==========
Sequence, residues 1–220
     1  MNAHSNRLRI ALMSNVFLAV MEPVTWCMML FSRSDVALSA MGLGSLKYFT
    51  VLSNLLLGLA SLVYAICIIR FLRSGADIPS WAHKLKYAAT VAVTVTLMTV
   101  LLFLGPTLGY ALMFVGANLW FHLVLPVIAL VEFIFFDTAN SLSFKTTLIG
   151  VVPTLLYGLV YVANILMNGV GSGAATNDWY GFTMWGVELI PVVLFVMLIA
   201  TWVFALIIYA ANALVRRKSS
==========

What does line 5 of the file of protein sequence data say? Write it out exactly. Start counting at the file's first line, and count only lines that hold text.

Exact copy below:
   151  VVPTLLYGLV YVANILMNGV GSGAATNDWY GFTMWGVELI PVVLFVMLIA